With drastic changes to the Denton County Transportation Authority’s fixed bus routes going into effect next week, GoZone’s promotional period offering 75-cent rides will stick around as evaluations continue on a permanent cost for the service.
Monday’s DCTA board meeting — at which CEO Raymond Suarez’s resignation was accepted — included ample discussion on how GoZone will work alongside the revamped bus routes. Board members authorized substantial changes to the Connect bus service in December, voting to save all but Lewisville’s two fixed routes and Denton’s Route 1. Denton will get a new route: Route 5.
The six remaining routes within the Connect service, Routes 2 through 7, will look much different to riders. In general, the changes tighten up DCTA’s bus coverage area, particularly to south and east Denton. Each route will start at a later time, and some will even end earlier in the day, although the time between departures will be slashed by nearly 33% in some cases. A full listing of changes and schedules, which will go into effect March 14, can be found on DCTA’s website.
The radical adjustments are aimed at increasing the efficiency of the Connect service, with the specific goal of having buses run in tandem with GoZone in a hybrid system. DCTA hired New York-based Via Transportation, whom it contracts for the GoZone service, as a consultant for that process.
It will be months before the intertwined system goes live, and DCTA staff suggested the current pricing arrangement for GoZone rides stay in place. Rides currently cost 75 cents, a rate that was originally pitched to last for the service’s first six months. Some board members took issue with the idea of pushing the final pricing rate further back.
“I’m a little concerned that the promotional fare is going to be moving out to almost a year,” DCTA vice chair TJ Gilmore said. “My understanding was, in December, the fare and route changes were going to take place in March.”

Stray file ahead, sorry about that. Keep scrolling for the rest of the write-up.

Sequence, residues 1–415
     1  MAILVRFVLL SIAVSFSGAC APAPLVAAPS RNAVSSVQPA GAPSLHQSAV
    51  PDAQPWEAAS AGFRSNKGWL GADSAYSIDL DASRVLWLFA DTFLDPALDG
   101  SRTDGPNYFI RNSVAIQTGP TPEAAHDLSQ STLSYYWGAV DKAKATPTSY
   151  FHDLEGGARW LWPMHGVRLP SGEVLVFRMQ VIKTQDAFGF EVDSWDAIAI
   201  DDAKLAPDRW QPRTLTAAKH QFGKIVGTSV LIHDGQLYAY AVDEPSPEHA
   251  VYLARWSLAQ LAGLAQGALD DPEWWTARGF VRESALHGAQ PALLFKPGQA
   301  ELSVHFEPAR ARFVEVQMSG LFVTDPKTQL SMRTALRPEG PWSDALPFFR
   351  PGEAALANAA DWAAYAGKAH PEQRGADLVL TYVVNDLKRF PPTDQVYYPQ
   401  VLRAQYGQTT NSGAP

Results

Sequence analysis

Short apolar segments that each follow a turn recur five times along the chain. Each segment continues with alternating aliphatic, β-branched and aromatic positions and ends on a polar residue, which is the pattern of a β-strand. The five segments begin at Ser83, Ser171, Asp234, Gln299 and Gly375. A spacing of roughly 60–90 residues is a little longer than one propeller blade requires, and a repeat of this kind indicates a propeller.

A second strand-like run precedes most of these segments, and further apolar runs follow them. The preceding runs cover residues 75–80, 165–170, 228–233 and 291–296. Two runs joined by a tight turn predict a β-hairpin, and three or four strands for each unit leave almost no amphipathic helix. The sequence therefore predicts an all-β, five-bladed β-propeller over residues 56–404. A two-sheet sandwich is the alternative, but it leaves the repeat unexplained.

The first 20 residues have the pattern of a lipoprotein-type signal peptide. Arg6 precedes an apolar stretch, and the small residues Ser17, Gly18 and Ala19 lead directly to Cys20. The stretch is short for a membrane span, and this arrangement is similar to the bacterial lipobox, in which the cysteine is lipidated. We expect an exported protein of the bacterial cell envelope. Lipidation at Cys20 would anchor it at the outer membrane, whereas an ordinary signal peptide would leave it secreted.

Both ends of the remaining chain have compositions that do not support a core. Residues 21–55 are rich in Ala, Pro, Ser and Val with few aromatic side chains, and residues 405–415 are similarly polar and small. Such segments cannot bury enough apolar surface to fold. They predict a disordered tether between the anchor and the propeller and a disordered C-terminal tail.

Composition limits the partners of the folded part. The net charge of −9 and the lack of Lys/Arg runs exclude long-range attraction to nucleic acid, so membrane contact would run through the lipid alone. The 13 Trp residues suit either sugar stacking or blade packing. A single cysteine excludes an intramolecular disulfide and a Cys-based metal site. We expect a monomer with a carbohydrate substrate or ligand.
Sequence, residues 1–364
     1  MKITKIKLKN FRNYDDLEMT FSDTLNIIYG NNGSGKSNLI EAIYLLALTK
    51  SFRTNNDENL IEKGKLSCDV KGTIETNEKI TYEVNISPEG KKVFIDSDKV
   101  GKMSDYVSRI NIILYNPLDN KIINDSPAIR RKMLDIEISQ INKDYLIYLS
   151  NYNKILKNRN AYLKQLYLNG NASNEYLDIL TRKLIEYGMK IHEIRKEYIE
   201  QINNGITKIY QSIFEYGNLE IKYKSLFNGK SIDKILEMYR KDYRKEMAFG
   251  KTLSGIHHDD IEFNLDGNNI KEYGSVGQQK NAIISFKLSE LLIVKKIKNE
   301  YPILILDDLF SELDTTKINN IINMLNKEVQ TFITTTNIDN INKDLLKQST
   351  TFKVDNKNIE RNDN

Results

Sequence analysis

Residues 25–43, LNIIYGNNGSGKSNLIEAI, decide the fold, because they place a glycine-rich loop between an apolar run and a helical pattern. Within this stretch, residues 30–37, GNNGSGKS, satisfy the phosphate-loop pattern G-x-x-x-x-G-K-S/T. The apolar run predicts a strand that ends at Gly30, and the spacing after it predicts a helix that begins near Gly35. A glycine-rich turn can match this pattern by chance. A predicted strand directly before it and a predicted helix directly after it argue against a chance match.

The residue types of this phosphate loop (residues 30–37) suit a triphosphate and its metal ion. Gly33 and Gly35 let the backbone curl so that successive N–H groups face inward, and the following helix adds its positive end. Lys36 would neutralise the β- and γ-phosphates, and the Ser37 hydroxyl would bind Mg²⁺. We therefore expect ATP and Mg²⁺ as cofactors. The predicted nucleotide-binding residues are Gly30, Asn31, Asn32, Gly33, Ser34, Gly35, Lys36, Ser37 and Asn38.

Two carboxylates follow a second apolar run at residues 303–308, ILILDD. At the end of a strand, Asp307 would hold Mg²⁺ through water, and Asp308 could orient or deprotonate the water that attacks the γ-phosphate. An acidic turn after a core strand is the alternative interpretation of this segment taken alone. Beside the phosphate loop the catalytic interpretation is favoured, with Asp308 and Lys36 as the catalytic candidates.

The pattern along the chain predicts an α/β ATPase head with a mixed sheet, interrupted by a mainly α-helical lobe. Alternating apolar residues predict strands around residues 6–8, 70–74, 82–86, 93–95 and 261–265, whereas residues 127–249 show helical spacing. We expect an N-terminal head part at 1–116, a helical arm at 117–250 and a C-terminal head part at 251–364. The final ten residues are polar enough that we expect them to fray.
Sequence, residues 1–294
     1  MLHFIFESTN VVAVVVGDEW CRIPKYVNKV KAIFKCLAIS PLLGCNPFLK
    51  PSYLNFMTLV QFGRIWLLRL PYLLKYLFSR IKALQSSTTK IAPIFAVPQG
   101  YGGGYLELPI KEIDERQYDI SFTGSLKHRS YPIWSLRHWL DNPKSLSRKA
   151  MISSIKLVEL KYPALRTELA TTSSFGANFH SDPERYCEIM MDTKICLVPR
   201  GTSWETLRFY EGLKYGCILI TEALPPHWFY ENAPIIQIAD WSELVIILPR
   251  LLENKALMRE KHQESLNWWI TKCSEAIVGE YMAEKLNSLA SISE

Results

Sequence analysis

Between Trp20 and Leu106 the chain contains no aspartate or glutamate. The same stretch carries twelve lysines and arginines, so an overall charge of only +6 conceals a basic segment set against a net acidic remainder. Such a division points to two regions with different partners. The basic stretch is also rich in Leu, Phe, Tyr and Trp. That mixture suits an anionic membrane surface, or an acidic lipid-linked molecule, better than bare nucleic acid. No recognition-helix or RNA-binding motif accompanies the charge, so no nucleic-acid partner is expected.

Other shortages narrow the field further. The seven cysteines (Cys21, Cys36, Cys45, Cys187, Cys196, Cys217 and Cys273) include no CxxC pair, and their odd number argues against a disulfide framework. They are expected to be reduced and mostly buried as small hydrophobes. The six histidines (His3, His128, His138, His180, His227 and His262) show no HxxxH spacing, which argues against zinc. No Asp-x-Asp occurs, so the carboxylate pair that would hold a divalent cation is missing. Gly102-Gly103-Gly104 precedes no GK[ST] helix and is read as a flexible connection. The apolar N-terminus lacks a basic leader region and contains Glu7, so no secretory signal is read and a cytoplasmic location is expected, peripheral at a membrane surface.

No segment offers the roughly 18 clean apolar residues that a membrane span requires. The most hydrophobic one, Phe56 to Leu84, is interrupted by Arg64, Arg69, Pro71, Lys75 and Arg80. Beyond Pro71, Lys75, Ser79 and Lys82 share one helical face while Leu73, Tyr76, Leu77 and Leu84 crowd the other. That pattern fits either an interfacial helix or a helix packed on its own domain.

Staff answered that changing the fare structure would need to have a public involvement period to comply with federal government laws. Suarez added it could be confusing to the public to update the fare structure once in March and again when the new system goes live.
Gilmore, however, said he was concerned the price difference between GoZone and buses is influencing riders’ choices. Bus fares come in at $1.50, twice as high as the rideshare rate, though that amount buys either an a.m. or p.m. pass for unlimited use through those respective hours. A person who goes to work in the morning and leaves in the evening, for example, would end up paying $3.
“The sooner we can get those to be equitable price alignment, the less likely we are to have an argument in September that one mode versus the other has been subsidized,” Gilmore said. “I’m also seeing that we’re going to be spending more money regardless, so we probably need to start capturing a bit more of that revenue now versus later.”
Gilmore was likely referring to the increase in service hours that has become necessary for GoZone, as Via has needed to increase the number of vehicles and drivers to keep up with demand. That ongoing issue has caused wait times to steadily increase, and it will soon require DCTA to allocate more funding to the service.
There appear to be several options in play for a long-term pricing arrangement. Suarez suggested Monday that a mileage rate could be on the table, which was originally pitched in December. Denton County Judge Andy Eads suggested a fare rate based on each individual — for example, offering the promotional fare for a person’s first 10 GoZone rides.